Version: 2019.2
Deferred shading rendering path
Legacy Deferred Lighting Rendering Path

Forward Rendering Path Details

This page describes details of Forward rendering pathThe technique Unity uses to render graphics. Choosing a different path affects the performance of your game, and how lighting and shading are calculated. Some paths are more suited to different platforms and hardware than others. More info
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Forward RenderingThe process of drawing graphics to the screen (or to a render texture). By default, the main camera in Unity renders its view to the screen. More info
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path renders each object in one or more passes, depending on lights that affect the object. Lights themselves are also treated differently by Forward Rendering, depending on their settings and intensity.

Implementation Details

In Forward Rendering, some number of brightest lights that affect each object are rendered in fully per-pixel lit mode. Then, up to 4 point lights are calculated per-vertex. The other lights are computed as Spherical Harmonics (SH), which is much faster but is only an approximation. Whether a light will be a per-pixel light or not is dependent on this:

  • Lights that have their Render Mode set to Not Important are always per-vertex or SH.
  • Brightest directional light is always per-pixel.
  • Lights that have their Render Mode set to Important are always per-pixel.
  • If the above results in less lights than current Pixel Light Count Quality Setting, then more lights are rendered per-pixel, in order of decreasing brightness.

Rendering of each object happens as follows:

  • Base Pass applies one per-pixel directional light and all per-vertex/SH lights.
  • Other per-pixel lights are rendered in additional passes, one pass for each light.

For example, if there is some object that’s affected by a number of lights (a circle in a picture below, affected by lights A to H):

Let’s assume lights A to H have the same color and intensity and all of them have Auto rendering modeA Standard Shader Material parameter that allows you to choose whether the object uses transparency, and if so, which type of blending mode to use. More info
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, so they would be sorted in exactly this order for this object. The brightest lights will be rendered in per-pixel lit mode (A to D), then up to 4 lights in per-vertex lit mode (D to G), and finally the rest of lights in SH (G to H):

Note that light groups overlap; for example last per-pixel light blends into per-vertex lit mode so there are less “light popping” as objects and lights move around.

Base Pass

Base pass renders object with one per-pixel directional light and all SH/vertex lights. This pass also adds any lightmapsA pre-rendered texture that contains the effects of light sources on static objects in the scene. Lightmaps are overlaid on top of scene geometry to create the effect of lighting. More info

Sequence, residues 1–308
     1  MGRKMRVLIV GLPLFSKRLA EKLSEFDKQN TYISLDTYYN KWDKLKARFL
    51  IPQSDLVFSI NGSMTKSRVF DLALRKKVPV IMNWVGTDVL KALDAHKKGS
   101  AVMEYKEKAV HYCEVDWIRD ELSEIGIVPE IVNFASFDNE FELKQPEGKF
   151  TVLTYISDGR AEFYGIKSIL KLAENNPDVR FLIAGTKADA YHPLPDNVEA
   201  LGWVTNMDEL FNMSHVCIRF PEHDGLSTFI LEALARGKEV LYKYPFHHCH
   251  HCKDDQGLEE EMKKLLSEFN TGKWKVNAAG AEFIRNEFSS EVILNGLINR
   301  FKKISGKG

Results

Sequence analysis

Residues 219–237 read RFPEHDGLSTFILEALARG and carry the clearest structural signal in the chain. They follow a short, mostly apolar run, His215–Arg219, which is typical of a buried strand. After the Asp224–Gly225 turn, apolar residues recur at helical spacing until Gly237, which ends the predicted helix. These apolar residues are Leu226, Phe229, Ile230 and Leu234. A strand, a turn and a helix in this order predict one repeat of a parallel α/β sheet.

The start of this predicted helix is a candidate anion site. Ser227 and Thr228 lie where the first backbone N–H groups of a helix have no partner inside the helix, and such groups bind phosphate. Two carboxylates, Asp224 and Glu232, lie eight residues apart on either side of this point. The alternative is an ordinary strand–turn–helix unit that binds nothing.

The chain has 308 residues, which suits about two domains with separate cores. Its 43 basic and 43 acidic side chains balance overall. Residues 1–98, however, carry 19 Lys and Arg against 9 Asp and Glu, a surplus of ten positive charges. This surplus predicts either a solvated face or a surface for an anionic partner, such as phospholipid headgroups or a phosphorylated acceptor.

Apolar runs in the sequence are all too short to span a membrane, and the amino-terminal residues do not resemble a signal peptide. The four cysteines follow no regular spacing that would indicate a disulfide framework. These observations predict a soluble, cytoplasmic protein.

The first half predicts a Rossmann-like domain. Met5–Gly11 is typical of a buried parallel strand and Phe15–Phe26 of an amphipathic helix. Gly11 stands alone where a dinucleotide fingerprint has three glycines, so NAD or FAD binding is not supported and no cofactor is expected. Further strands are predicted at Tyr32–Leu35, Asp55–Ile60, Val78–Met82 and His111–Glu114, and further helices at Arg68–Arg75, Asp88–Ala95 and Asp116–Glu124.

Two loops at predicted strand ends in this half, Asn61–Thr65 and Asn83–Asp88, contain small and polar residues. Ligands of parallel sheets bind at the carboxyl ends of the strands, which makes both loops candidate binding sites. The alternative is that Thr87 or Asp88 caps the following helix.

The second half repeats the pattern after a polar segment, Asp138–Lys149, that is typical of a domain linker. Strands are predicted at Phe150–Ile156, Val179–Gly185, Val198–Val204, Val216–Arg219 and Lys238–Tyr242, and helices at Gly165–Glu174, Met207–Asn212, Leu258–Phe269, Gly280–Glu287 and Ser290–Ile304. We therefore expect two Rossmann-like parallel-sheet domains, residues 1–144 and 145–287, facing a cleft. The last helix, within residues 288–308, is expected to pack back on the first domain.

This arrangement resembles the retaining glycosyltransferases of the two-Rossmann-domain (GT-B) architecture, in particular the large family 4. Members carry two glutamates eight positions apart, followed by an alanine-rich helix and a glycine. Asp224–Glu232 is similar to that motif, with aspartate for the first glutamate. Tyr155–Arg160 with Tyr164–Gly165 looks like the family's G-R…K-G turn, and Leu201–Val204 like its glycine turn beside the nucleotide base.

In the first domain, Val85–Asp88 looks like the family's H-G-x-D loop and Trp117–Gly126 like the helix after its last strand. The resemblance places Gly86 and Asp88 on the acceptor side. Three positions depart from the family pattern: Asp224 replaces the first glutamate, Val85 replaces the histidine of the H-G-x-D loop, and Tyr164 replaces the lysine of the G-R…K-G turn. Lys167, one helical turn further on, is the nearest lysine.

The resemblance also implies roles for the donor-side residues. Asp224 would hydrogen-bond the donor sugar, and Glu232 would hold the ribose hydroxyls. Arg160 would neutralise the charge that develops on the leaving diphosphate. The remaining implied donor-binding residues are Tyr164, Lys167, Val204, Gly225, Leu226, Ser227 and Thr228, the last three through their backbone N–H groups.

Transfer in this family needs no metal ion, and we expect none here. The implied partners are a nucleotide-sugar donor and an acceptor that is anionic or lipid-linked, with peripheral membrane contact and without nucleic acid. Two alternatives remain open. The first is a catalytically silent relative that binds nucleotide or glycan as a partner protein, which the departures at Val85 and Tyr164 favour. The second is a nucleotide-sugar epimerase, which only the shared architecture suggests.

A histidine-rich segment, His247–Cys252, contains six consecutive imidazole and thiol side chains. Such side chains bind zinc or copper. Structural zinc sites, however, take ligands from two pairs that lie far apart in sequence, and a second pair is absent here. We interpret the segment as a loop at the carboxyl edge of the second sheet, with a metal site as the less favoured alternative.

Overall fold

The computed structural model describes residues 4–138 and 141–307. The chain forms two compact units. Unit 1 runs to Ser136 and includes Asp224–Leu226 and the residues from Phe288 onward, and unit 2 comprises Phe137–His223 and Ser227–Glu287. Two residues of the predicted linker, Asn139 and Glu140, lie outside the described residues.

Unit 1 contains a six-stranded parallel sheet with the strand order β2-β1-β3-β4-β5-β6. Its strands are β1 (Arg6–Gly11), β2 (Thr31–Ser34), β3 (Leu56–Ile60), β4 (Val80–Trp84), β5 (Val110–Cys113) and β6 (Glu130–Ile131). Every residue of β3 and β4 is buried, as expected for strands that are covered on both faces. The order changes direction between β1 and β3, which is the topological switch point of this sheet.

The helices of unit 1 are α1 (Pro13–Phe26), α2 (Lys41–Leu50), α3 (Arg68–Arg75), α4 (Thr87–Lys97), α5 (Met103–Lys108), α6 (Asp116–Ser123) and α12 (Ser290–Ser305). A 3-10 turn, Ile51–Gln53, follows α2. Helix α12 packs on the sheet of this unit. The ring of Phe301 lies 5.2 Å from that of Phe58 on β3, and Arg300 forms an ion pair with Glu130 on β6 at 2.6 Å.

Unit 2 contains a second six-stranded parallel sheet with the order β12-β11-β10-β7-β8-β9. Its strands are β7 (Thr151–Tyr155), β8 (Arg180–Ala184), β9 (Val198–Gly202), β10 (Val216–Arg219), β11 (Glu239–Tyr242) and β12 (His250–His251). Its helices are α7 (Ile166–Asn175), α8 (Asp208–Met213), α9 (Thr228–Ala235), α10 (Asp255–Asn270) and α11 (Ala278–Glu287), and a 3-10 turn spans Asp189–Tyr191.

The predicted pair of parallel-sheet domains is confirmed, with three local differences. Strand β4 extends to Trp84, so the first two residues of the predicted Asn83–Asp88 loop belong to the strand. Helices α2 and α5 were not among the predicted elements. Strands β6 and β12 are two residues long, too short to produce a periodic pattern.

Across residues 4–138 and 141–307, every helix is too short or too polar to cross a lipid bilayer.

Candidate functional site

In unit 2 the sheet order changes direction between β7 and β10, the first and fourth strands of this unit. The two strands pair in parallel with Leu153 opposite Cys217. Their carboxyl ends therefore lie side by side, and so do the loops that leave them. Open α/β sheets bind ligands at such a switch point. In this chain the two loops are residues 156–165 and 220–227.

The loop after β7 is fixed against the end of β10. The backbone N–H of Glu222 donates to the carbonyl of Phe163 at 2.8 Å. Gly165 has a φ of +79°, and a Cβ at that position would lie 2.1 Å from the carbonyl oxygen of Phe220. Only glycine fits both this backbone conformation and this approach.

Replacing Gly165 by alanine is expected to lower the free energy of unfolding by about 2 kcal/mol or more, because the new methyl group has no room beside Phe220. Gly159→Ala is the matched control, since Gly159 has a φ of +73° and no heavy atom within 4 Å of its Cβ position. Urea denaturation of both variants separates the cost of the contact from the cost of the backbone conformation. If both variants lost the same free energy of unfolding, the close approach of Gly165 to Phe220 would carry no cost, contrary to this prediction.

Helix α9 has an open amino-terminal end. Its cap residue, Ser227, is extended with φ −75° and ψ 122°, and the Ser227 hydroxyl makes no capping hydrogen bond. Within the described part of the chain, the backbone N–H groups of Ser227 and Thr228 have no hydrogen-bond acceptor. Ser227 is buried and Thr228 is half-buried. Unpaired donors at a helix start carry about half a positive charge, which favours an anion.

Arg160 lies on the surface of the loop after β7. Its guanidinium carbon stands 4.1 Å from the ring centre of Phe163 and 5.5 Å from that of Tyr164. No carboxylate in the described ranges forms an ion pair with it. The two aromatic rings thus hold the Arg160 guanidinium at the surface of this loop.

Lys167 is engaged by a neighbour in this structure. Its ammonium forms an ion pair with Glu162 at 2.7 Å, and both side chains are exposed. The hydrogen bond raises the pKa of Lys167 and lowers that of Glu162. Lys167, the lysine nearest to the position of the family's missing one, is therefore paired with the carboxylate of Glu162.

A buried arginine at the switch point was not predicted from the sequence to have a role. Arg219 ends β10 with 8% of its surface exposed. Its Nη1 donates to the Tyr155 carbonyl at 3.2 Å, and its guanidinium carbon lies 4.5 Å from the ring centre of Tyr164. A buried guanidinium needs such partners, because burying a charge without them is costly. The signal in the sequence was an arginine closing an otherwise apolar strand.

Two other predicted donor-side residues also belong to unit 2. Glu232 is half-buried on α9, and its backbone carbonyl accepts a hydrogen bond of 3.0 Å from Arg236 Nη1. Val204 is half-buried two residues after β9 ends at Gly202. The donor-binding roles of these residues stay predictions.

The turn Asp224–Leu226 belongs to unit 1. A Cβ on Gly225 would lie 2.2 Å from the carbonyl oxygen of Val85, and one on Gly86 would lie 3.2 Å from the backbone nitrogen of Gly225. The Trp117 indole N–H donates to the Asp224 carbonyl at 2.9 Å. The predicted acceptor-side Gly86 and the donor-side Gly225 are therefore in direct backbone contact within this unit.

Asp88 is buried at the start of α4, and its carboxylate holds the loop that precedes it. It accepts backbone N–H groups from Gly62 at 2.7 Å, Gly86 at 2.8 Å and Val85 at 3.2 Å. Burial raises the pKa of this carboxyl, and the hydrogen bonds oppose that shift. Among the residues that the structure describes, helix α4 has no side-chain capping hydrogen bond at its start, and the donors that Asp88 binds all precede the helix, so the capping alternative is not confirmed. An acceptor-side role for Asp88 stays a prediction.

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, ambient and emissive lighting from the shaderA small script that contains the mathematical calculations and algorithms for calculating the Color of each pixel rendered, based on the lighting input and the Material configuration. More info
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. Directional light rendered in this pass can have Shadows. Note that Lightmapped objects do not get illumination from SH lights.

Note that when “OnlyDirectional” pass flag is used in the shader, then the forward base pass only renders main directional light, ambient/lightprobe and lightmaps (SH and vertex lights are not included into pass data).

Additional Passes

Additional passes are rendered for each additional per-pixel light that affect this object. Lights in these passes by default do not have shadows (so in result, Forward Rendering supports one directional light with shadows), unless multi_compile_fwdadd_fullshadows variant shortcut is used.

Performance Considerations

Spherical Harmonics lights are very fast to render. They have a tiny cost on the CPU, and are actually free for the GPU to apply (that is, base pass always computes SH lighting; but due to the way SH lights work, the cost is exactly the same no matter how many SH lights are there).

The downsides of SH lights are:

  • They are computed at object’s vertices, not pixelsThe smallest unit in a computer image. Pixel size depends on your screen resolution. Pixel lighting is calculated at every screen pixel. More info
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    . This means they do not support light Cookies or normal mapsA type of Bump Map texture that allows you to add surface detail such as bumps, grooves, and scratches to a model which catch the light as if they are represented by real geometry. More info
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  • SH lighting is very low frequency. You can’t have sharp lighting transitions with SH lights. They are also only affecting the diffuse lighting (too low frequency for specular highlights).
  • SH lighting is not local; point or spot SH lights close to some surface will “look wrong”.

In summary, SH lights are often good enough for small dynamic objects.

Deferred shading rendering path
Legacy Deferred Lighting Rendering Path